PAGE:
Children normally stay at the orphanage until the age of eighteen when they must leave. The exception is if they continue to university, then they can stay until their program is finished. This orphanage gets no funding through NGO’s – it is all private funding, typically provided by individuals.
There are lots or rules for apsara dancing. Originally it was a female only dance form, but since the girls must take small steps, not show teeth when they smile and not move about violently, boys were admitted to do the famous Monkey dance. BELOW: This group of dancers was from the Italian Association for Aid for Children, School of Art in Siem Riep. The little fellow on your left was a cheeky little beggar, absolutely radiating charisma as well as technical talent. He’ll go far.
Photos: R. Marion
Video: R. Marion & K. Marion
Coming up next: Pink Ducks and White Sugar
Before we leave Cambodia and cross over into Viet Nam, here are the five levels of polite greeting in Cambodia:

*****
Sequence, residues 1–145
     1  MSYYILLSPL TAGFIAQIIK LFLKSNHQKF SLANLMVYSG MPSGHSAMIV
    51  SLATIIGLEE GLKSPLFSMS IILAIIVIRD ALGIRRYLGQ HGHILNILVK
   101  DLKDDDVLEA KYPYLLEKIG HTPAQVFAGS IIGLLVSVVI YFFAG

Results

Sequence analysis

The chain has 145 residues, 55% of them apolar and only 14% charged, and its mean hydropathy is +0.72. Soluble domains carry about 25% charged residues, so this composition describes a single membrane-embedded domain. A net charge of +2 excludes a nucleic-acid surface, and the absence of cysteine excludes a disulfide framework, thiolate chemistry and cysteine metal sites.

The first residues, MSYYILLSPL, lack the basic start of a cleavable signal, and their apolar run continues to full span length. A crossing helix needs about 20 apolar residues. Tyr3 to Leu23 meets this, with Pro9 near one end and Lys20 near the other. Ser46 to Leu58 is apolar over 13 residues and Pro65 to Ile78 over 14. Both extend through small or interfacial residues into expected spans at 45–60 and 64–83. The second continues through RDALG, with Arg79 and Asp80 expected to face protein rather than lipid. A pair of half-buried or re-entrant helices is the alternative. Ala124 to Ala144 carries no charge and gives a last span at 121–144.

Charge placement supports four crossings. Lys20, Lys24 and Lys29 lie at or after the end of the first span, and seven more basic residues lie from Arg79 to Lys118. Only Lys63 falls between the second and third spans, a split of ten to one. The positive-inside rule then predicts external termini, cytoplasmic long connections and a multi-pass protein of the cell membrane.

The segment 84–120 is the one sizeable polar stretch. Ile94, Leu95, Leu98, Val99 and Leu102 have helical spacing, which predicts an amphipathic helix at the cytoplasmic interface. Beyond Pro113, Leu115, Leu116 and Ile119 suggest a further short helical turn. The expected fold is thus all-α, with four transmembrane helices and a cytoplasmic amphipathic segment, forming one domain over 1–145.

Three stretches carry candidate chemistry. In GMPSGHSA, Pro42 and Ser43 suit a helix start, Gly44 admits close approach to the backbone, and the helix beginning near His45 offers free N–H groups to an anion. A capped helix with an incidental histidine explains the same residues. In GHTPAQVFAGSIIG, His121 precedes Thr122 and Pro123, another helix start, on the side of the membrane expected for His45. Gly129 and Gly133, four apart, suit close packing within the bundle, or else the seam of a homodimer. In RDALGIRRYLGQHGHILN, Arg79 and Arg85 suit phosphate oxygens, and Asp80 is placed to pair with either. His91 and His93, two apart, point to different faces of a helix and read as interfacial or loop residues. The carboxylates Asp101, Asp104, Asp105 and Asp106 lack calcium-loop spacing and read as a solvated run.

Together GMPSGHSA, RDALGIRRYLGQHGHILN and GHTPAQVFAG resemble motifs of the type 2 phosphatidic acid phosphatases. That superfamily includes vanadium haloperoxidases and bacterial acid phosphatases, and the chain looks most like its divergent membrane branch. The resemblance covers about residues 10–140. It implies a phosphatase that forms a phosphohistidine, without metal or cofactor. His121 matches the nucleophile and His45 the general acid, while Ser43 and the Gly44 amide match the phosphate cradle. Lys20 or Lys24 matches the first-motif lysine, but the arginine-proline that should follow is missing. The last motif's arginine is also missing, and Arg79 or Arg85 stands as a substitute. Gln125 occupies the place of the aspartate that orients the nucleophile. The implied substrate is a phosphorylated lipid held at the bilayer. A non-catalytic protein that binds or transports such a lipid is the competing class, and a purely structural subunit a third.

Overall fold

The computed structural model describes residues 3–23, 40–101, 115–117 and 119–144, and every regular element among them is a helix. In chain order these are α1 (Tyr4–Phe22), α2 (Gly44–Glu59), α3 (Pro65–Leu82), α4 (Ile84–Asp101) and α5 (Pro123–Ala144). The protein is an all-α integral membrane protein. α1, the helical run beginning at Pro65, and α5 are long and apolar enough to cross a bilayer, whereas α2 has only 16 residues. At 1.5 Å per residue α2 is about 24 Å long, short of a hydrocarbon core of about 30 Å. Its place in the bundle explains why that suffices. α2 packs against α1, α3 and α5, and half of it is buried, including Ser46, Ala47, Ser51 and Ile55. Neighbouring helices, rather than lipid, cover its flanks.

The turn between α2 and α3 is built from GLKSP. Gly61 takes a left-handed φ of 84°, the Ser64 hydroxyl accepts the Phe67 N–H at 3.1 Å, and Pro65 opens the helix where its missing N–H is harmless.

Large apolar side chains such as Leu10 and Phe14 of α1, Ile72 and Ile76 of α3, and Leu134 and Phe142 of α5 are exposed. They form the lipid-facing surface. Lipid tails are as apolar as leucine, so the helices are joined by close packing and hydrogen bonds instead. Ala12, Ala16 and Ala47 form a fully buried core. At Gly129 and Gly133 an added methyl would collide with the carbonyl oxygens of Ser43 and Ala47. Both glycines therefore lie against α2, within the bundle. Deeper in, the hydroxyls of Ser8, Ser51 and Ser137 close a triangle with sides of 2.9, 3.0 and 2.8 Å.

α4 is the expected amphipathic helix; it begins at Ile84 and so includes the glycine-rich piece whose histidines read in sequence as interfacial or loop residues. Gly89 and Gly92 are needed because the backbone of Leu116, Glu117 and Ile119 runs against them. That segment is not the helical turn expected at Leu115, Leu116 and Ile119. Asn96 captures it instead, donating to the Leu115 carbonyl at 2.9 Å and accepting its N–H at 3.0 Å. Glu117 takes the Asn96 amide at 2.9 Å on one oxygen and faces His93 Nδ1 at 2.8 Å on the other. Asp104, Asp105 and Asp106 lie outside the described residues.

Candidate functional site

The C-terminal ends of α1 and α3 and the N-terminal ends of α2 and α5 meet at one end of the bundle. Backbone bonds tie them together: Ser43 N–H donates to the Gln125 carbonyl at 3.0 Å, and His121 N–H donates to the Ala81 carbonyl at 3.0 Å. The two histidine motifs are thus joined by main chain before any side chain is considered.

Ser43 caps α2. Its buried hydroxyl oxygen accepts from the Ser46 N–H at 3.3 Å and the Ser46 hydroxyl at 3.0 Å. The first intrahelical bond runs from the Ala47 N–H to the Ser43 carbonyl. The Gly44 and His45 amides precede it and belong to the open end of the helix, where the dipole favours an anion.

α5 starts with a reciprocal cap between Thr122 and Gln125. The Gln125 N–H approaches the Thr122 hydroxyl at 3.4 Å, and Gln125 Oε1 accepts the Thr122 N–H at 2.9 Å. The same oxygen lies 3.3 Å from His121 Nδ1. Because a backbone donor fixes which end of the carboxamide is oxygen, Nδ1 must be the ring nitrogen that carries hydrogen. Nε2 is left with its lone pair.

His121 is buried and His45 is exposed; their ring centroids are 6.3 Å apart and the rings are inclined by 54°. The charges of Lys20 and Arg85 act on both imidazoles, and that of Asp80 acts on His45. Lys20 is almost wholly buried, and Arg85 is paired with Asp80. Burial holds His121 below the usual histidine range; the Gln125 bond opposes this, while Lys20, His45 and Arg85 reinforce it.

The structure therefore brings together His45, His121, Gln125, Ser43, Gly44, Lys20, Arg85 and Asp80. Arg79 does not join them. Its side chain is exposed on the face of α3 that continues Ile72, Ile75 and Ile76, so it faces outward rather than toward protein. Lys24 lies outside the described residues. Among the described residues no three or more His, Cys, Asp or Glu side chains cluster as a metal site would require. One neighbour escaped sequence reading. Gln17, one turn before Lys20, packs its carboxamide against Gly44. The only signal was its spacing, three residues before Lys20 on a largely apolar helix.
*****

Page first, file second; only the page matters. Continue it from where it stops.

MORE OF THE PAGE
Level one is for friends or your equals: palms pressed together at heart height and bow. It is not nice to just incline your head or stand straight.
Level two is for addressing a superior say at work, or a government official: palms pressed together, fingertips level with lower lip. Again a proper bow.
Level three is for your parents: palms together, fingertips at nose height. A deeper bow.
Level four is to address a Buddhist priest or nun: palms pressed together, fingertips touching forehead. A deep bow.
Level five is to show respect to the Buddha: sweep hands down and bring them up palms together from under your heart (the respect comes from the bottom of your heart), hands continue moving straight up, palms still together, to above your head. The deepest bow.